Monday, July 14, 2014

A Nabokov Complex

On Saturday, I ended up at the Rozhdestveno Memorial Estate, the country house of famed writer Vladimir Nabokov. If you haven’t heard of his masterpiece, Lolita, then you should probably familiarize yourself with a library and stop reading inane internet posts like this. If you have heard of Lolita but haven’t read it, then you should read it posthaste and not hold me responsible if you discover that a pedophilic love story is not your cup of tea. Now that we’ve got those disclaimers out of the way, let’s continue with the story of how I got roped into translating a Russian tour of Nabokov’s former dacha for a dozen Americans.

I’d long for Russia too if I had a summer house like this to visit

I first realized how difficult it is to translate when I tried to do it for two friends who were visiting me in Spain last spring. On a tour of a honey farm, I only managed to share a few Spanglish factoids and one racist joke—and I’m actually pretty fluent in Spanish. But when you throw in an audience and my fairly laughable command of Russian, my translations become even more atrocious:

Guide: And on top of the house you’ll notice a rectangular belvedere…
Me: So that thing on the top is a “belvedere.” Anyone have any idea what that’s called in English?
Tourist: A belvedere. That’s a word in English too.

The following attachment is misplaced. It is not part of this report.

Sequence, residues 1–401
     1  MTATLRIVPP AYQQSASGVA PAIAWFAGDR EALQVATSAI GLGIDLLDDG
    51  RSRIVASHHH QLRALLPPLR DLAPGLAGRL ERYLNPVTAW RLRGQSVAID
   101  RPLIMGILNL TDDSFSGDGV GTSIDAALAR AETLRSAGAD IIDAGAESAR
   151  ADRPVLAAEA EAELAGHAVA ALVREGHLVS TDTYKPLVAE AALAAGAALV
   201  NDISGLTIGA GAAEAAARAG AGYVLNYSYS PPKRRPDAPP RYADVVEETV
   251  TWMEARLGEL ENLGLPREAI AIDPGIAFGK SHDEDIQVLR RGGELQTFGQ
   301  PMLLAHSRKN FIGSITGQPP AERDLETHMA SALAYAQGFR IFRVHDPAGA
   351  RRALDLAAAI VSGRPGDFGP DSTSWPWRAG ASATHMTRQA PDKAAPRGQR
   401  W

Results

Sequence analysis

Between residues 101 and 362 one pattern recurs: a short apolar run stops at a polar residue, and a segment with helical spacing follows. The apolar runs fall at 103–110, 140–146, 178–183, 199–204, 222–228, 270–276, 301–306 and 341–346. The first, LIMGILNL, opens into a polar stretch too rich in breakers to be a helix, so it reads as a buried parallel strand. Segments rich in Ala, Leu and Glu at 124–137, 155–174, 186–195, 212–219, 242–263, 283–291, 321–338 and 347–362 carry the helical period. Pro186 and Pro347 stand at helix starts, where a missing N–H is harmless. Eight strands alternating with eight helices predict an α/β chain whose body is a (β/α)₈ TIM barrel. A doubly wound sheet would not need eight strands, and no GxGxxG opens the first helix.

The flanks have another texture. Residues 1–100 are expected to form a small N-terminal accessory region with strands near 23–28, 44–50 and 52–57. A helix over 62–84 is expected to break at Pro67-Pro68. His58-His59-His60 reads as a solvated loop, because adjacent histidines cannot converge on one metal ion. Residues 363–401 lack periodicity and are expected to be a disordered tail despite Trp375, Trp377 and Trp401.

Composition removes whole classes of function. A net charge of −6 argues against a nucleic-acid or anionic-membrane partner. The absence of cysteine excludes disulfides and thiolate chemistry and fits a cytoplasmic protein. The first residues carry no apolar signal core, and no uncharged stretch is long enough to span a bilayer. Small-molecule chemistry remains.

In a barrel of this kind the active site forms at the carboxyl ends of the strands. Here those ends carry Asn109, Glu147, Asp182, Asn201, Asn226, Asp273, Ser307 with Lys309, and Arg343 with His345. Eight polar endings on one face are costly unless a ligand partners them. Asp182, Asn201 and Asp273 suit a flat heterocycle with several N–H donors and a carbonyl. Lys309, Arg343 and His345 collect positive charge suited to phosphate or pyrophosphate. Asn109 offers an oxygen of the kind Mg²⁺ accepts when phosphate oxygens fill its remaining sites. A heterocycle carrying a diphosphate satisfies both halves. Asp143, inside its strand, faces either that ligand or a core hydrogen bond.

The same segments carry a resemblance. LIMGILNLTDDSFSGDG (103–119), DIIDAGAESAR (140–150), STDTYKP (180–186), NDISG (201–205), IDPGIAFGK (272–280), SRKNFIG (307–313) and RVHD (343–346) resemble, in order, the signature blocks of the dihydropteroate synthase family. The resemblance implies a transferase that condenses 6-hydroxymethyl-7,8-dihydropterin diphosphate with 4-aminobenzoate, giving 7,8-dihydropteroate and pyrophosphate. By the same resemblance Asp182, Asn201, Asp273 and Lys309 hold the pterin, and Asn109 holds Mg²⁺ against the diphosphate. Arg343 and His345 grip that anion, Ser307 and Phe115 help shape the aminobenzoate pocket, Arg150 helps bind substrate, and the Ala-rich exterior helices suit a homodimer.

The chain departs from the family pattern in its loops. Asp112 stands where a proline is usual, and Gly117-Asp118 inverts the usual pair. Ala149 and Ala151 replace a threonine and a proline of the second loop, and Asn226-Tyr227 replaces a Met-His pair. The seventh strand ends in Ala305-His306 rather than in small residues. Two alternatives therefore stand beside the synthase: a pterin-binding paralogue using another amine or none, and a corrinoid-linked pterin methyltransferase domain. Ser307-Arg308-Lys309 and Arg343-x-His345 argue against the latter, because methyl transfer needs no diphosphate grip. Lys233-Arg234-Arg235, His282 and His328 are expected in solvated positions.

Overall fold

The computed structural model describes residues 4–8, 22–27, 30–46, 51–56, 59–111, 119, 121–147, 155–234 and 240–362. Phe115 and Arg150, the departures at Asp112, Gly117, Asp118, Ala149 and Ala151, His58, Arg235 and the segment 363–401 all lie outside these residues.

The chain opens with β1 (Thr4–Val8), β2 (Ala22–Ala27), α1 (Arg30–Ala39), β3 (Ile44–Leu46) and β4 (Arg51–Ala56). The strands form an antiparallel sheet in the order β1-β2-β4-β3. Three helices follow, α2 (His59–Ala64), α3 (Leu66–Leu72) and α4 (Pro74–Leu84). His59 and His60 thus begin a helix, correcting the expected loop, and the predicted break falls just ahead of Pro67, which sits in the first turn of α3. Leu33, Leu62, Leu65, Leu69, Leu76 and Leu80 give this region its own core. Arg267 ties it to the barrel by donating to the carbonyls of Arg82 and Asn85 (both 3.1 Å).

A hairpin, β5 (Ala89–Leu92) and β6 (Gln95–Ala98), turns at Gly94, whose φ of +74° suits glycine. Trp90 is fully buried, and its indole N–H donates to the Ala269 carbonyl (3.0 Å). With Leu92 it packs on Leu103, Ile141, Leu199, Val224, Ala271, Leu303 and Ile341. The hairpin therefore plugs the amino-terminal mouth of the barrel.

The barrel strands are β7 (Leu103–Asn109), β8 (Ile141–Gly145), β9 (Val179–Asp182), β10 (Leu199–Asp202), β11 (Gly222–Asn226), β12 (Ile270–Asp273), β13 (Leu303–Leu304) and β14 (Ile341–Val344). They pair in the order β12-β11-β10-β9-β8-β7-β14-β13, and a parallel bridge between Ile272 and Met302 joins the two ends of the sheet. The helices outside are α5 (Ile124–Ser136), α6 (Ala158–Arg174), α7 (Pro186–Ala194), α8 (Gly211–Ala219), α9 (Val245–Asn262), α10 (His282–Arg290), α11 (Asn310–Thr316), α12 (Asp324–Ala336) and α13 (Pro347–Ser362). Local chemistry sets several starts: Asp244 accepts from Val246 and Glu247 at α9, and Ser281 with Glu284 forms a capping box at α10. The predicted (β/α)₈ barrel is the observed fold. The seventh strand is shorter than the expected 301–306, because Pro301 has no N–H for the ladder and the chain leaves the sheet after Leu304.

Tourist #2: I just thought it was a brand of vodka.
Me: Same.

Guide: The estate was built in the 18th century…
Me: The estate was built in the восемнадцатого века. God, I’m so bad at numbers. Um…
Guide [in English]: Eighteenth century.
Me: Are you sure you don’t want to just do this in English? No? Okay.

Guide: He inherited the estate from his uncle, who never married.
Me: Nabokov inherited this place from his uncle, who never married.
Guide #2: He didn’t just “not marry,” he liked boys.
Me: So they’re telling me the uncle batted for the other team.

Guide: Here is the ballroom where they danced.
Me: In this ballroom, danced. [long pause] I need a subject with that verb, don’t I? This is where they danced.

Guide: And at parties and balls, the orchestra and musicians played in the balcony you see above us.
Me: The muzikants and the orchestra played up there.
Tourist: You mean “musicians.”
Me: Do I have to translate everything for you?

In the end, I understood most of the tour, even if I didn’t always render it into the most eloquent of English. The guide even complimented my Russian, which I probably shouldn’t be too flattered by since she mostly just heard me speaking broken English. Not surprisingly, my abilities in my native language didn’t garner any praise, but I think the group assumed I was embellishing with my more elevated turns of phrase like “Nabokov was a lepidopterist” and “he wanted to preserve the sanctity of the Russian language.” Which I mostly was.

I guess I figured I hadn’t shamed myself enough because I was even convinced to play a tune on Nabokov’s piano.  Normally I wouldn't be bold enough to bust out the few bars of Für Elise buried in the recesses of my memory, but my love for Nabokov runs deep, and I knew that my mother would clap her hands in glee when she saw this photograph.  See, Mom, those twelve years of piano lessons weren’t in vain.

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